With St. Mary Magdalene, let us accept Christ’s ‘Do not touch me’ with the certainty that His words give us a new mission, and a new way to be with Him, just as St. Elizabeth Ann Seton met the hardships of her life with renewed faith and strength. Written by Lisa Lickona from the Seton Reflection published last year.
This year we celebrate our great and holy Feast, the Resurrection of Our Lord, in the most unexpected circumstances, most of us separated from physical participation in the Mass and the opportunity to receive Communion.
We are cut off from our family and friends and our parish communities. And we wonder: how can we live in this new situation, separated from the Body of God—both in the Eucharist and the living Church?
As was the case last year during the beginning of the pandemic closures, this year’s Stations of the Cross (or Via Crucis) presided over by Pope Francis were held in the quiet and virtually empty St. Peter’s Square. This year, though, the mediations and prayers for each Station were prepared and read by children from Rome and other Italian cities. The faith and hope expressed by these children are profound and moving and are worthy of further reflection during this Easter season. As a complement to the text of the meditations and prayers provided here, you can watch a video of the Stations and hear the children’s sweet voices, as well as see several of the children greet Pope Francis with hugs after the Stations concluded.
All will be well, and all will be well, and every kind of thing will be well. —Julian of Norwich, Showings, chapter 27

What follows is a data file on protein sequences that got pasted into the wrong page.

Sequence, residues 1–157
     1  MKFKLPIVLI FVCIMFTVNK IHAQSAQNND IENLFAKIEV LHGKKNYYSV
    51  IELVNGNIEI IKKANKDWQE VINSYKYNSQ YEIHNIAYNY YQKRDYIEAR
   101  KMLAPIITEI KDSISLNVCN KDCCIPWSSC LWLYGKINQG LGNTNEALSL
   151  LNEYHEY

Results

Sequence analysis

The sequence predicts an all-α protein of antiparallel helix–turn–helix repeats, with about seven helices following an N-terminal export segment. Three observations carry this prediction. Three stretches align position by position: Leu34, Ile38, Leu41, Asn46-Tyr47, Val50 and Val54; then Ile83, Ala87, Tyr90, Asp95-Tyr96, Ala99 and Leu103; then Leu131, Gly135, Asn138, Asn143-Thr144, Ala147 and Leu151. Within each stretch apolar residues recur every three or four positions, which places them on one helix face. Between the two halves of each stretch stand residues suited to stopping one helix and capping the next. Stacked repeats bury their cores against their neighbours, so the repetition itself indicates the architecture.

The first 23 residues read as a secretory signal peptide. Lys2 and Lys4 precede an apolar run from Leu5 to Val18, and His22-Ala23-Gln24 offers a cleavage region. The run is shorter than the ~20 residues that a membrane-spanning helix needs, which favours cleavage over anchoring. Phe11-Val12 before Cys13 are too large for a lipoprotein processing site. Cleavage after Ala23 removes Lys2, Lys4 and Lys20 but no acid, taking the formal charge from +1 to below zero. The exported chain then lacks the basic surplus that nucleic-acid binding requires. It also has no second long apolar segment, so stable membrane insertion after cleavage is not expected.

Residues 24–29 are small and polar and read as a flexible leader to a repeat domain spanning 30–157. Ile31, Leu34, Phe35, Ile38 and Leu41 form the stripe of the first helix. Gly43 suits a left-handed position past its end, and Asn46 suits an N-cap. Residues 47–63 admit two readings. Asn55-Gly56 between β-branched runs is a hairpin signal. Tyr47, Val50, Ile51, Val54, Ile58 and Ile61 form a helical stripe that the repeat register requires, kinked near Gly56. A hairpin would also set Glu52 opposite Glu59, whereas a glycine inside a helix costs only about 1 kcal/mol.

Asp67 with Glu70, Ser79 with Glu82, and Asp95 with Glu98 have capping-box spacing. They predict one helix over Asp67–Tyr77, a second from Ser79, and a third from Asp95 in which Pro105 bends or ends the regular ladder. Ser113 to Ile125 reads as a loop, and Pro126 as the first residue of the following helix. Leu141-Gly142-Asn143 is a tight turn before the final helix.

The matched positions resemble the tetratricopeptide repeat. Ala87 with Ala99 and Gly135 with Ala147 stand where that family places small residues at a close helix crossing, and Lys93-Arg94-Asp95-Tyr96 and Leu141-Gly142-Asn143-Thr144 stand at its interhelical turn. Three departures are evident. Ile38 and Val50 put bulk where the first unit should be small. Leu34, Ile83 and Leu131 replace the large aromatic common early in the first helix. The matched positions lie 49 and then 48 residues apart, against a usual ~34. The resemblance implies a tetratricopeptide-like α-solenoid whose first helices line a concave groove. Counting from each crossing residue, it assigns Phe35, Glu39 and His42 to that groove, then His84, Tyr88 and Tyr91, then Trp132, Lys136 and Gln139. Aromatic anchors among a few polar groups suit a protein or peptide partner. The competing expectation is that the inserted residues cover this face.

Today we celebrate the resurrection of Jesus Christ, which allows faithful Christians to trust that, indeed, all will be well. I like to think of the resurrection as God’s way of telling us that God can take the worst thing in the world—the killing of the God-Human Jesus—and change it into the best thing: the redemption of the world.
Amid the many hardships we are enduring, let us never forget that we have been healed by the wounds of Christ. In the light of the Risen Lord, our sufferings are now transfigured. Where there was death, now there is life. Where there was mourning, now there is consolation.
As we have journeyed through Lent and an intensified Holy Week, I hope your heart is rejoicing and full of light in the fact that God’s mercy endures forever. He is risen. Alleluia! I hope your faith has been strengthened and your heart has been lovingly pruned and purified so it is bursting with love. Christ suffered greatly to grant us access to eternal life. The time is now for us to mature spiritually and Be His Light in the world.
After recollecting our Lord’s Passion and Death on Good Friday, Holy Saturday begins as a day of quiet prayer and reflection. It is a day when no Mass is celebrated in the Catholic Church (until the solemn Easter Vigil that begins after sundown). Instead, the faithful pray and meditate on the great sacrifice our Lord has made for all of us, and anticipate His Resurrection from the dead on Easter Sunday.
I spend the day in the quiet, thanking Jesus for the ultimate gift that He gave to all of us on Good Friday. I try to place myself in the confusion and fear (as well as hope) that the Blessed Mother, the apostles, and the other witnesses to Jesus’ Passion undoubtedly felt on that first Holy Saturday. In doing so, I realize how fortunate I am to know how the story ends and that Jesus Christ will be rising on Sunday morning!
As the day progresses, my thoughts turn to the Easter Vigil Mass. For those who have not experienced an Easter Vigil Mass, I strongly encourage you to do so when you are able (whether attending in person or watching at home, perhaps viewing Pope Francis offering the Easter Vigil Mass from St. Peter’s in Rome). It is a long Mass (usually three hours) that gives us the opportunity to keep vigil for the Lord in the greatest solemnity of the year. You will hear, see, and feel the entirety of our salvation history and be united with members of the Church throughout all time.